Flash Friday 25/10/2013: Weapon of Choice (Part 9)
“You look like the kind of man who’d like to explore a spooky ruin,” a man said, with a smile far too unfitting for what he just said.
“Me?” Dennis said. He wasn’t aware that well-dressed men were so keen to talk to him, especially ones that hung around a country path in full business attire.
“Yes, you. You look like you’d really get the most out of a crypt.”
“Are you implying that I know a lot of dead people, or–” Dennis began, before having his wrist grabbed. He was dragged off of the main road down a side-path that lead into a field. Dennis looked back, hoping his friends would save him. They all did what friends do when one comes into trouble — watch in total silence to see where it would lead.
“Here it is,” the man chirped, leading Dennis to a ruin. It did, indeed, look quite spooky — a single ruined temple, its pillars holding up nothing but air, with nothing else of unbroken and not-mossy interest except a sitarway that lead into the floor. The bottom consisted of a long corridor, with coffins resting in inserts along both sides, a rotting wooden door at the end of it. The torches along the walls were the only source of light.
“So now that we’re in the best bit,” the man said, clapping his hands together. The rest of Dennis’ party moved behind him as if they were on a tour, “a little about myself. The name is Nicolas Jones, and you should see fit to remember that, so you remember what to write on the cheque when we’re done with this place.” He laughed at his own joke. He was the only one.
“What is this place?” Dennis said.
“Yes, that’s the spirit. All ruins should make you think that. ‘What is this place? What is its history? Is there anything within it that can brutally murder me?’. Well, set aside your worries, young sir, as all three questions will be answered to your pleasure.” Nicolas pushed the top off of a coffin, revealing a skeleton better armed than Dennis was. “The first thing you’ll encounter are these. Previous dungeon keeper had some really boring enemies, so we tore those out and put these in. Trained in one-handed combat with a shield, and you can upgrade to a two-handed variety if that tickles your fancy more.”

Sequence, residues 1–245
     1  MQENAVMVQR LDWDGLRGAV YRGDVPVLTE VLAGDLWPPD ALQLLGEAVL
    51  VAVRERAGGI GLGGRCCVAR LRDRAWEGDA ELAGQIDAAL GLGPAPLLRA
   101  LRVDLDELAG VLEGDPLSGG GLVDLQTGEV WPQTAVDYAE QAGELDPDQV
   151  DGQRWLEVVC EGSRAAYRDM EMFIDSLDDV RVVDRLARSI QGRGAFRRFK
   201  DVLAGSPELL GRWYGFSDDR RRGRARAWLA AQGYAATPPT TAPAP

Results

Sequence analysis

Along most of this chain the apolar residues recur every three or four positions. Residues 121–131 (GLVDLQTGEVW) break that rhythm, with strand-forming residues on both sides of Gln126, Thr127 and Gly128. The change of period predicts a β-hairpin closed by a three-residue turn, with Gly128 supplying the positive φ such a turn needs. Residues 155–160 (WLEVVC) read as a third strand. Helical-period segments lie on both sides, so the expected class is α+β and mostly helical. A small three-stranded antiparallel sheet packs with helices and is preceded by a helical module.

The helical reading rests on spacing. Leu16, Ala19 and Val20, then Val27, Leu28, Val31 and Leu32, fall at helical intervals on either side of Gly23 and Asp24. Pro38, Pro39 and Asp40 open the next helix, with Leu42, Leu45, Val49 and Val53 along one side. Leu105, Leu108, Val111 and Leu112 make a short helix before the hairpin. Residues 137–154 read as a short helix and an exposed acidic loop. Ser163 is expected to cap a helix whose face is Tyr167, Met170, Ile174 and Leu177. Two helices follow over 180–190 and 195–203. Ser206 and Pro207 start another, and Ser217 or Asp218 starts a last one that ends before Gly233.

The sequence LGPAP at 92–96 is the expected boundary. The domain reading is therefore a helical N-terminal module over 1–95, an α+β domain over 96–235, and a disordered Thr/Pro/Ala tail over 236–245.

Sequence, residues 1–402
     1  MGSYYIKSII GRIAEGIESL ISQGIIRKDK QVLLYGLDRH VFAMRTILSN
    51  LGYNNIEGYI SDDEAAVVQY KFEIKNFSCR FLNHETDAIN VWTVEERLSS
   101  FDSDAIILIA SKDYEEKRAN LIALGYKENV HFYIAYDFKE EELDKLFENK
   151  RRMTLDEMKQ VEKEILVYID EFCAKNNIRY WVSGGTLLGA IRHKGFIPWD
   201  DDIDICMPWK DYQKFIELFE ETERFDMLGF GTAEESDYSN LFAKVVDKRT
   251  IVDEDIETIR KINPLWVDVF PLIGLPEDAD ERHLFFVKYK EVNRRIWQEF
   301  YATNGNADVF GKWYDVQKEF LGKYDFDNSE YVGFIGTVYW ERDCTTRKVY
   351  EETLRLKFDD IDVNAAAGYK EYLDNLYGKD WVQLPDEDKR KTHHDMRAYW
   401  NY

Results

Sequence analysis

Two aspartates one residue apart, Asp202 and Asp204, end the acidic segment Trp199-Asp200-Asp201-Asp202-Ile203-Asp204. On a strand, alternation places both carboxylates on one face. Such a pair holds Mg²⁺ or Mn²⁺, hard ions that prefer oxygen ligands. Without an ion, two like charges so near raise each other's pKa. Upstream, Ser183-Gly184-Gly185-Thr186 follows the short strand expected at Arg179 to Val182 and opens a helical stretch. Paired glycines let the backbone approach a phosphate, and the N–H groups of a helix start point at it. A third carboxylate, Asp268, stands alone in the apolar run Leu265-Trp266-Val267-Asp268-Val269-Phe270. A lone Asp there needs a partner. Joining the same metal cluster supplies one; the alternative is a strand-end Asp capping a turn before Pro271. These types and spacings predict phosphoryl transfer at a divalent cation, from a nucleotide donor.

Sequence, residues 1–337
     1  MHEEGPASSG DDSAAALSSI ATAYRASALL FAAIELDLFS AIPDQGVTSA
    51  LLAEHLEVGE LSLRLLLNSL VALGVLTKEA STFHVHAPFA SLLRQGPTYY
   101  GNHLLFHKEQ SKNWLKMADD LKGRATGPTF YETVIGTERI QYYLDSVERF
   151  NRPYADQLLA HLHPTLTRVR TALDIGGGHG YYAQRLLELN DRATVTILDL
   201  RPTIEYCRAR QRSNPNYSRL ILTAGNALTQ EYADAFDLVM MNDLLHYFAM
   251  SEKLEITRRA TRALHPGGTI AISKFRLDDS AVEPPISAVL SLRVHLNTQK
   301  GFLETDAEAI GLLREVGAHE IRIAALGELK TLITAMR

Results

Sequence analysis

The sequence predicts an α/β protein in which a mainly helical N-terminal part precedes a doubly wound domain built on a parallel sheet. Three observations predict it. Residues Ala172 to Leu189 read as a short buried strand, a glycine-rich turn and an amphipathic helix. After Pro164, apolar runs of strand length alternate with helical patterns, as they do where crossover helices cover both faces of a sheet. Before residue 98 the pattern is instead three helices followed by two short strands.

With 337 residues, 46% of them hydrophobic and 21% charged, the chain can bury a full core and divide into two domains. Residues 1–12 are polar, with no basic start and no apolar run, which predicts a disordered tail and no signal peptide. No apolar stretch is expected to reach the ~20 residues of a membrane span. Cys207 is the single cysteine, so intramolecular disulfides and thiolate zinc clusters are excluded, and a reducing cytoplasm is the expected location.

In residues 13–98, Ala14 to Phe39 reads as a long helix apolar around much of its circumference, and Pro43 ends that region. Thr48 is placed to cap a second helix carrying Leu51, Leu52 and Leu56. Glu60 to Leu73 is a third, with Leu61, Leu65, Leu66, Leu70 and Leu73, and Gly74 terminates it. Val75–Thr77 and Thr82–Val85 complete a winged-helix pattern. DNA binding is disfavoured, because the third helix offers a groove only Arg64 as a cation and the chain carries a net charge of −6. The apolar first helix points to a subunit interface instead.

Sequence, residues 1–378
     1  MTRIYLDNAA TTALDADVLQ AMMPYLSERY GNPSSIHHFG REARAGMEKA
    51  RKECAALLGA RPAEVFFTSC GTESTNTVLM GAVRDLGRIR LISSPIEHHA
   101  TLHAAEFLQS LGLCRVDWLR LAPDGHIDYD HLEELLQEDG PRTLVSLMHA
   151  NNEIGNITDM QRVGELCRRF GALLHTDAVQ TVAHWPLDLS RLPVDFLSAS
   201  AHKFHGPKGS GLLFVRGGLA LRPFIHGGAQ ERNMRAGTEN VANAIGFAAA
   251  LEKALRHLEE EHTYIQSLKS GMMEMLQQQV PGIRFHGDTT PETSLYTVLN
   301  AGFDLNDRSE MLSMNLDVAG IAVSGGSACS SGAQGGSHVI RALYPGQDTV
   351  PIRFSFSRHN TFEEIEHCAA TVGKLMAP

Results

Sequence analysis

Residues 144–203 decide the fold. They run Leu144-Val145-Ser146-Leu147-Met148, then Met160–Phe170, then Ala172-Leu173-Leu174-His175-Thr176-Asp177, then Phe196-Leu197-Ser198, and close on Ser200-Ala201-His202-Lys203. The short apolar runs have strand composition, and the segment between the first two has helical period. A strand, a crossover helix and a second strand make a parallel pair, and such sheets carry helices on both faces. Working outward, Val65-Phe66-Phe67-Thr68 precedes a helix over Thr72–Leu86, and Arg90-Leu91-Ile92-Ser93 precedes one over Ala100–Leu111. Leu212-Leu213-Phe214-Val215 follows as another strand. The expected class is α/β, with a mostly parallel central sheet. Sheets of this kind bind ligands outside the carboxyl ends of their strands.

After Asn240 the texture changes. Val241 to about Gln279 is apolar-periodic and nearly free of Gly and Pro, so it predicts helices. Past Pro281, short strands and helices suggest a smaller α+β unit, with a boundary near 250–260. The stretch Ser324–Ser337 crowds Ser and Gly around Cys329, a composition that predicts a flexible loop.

The coffin lid was closed again, Nicolas walking down a few alcoves and tapping a coffin at head-height. “This one has a nice bracelet in it,” he said. “Nature one, I believe. Your druid would probably love it.”
“The one in shapeshift form, behind you.”
“If I knew any shapeshifting spells,” Edmond said, “I wouldn’t be in this gig in the first place.”
“You’ll be happy to know that that’s not all,” Nicolas said. He slammed a foot in front of him, then ducked as a blade swung out from the wall with a metallic ring. “Installed a few traps in this one. Last dungeon keeper had them lying in the attic for no reason. You’ve got your blade traps, spike traps, poison spider traps, and the one that shoots a poison dart if you open the little chest in this alcove here. That one always goes down a treat with the adventuring parties. You always get the greedy one of the group. Oh, don’t worry, they’re all disabled. Can’t have them going off before the main event, can we?”
“Thank you,” Dennis said, finding the courage to keep walking. “That would be a disaster, yes.”
“And here,” Nicolas said, stopping by the door, “is the main attraction.” He gave it three solid knocks.
“Yeah?” an old voice said from the other side.
“Bugger. Alright, then.”
Nicolas opened the door. A corpse, glowing with green energy and with eyes like glass, was sitting bored on a throne. He was in the middle of a book, with other finished stories scattered around him.
“At the end of the ruin, you’ll find a lich for you and your party to enjoy. I assure you, our lich is the most rotting lich you can find on the market these days.”
“You got that right,” the lich said, pointing a finger at Dennis, which proved his point by falling off. “Two hundred years of rotting. Can’t ask for more than that. Plus, when you kill me, I’ll relinquish the grasp on my sword.” He picked up the weapon that was leaning against the side of his throne. “Enchanted to do more damage to dragons.”
“Oh, that’s a shame” Dennis said, “because we’re on a quest to slay an orc.”
“An orc?” the lich spat. “Back in my day, heroes killed orcs for breakfast, literally. Now you’re saying they’re giving epic quests to go slay the simplest of monsters these days? Bugger that. You kids won’t appreciate this sword as much as you would have back in the day. Go on, bugger off.”
“I’m sorry?” Dennis said.
“It appears you’ve, uhm, angered the final monster of this ruin,” Nicolas said, as if he was walking on glass. “I’m afraid that a deal might be impossible at this rate. Or at least, an increased fee. I think we could still strike a deal at about, ooh…a thousand gold coins?”
“Two thousand,” said the lich.
“We really don’t have that kind of money,” Dennis said. “Sorry.”
“Not a problem. The dungeons business is pretty steep these days. Do you know anyone who’d like this property?”
“I do have this,” Dennis said, handing Nicolas the business card for the paladin from the pub.
“Ah, a paladin. Yes, they love all this undead stuff, don’t they?”
“He’ll feel right at home. Anyway,” Dennis said, turning to the tour party. “Let’s get going.”
“But Dennis,” Samuel said, tugging at his sleeve, “they have a room perfect for all my dresses.”
Dennis sighed. Maybe if he could afford it simply by selling off Samuel.
997 words (from 1142)
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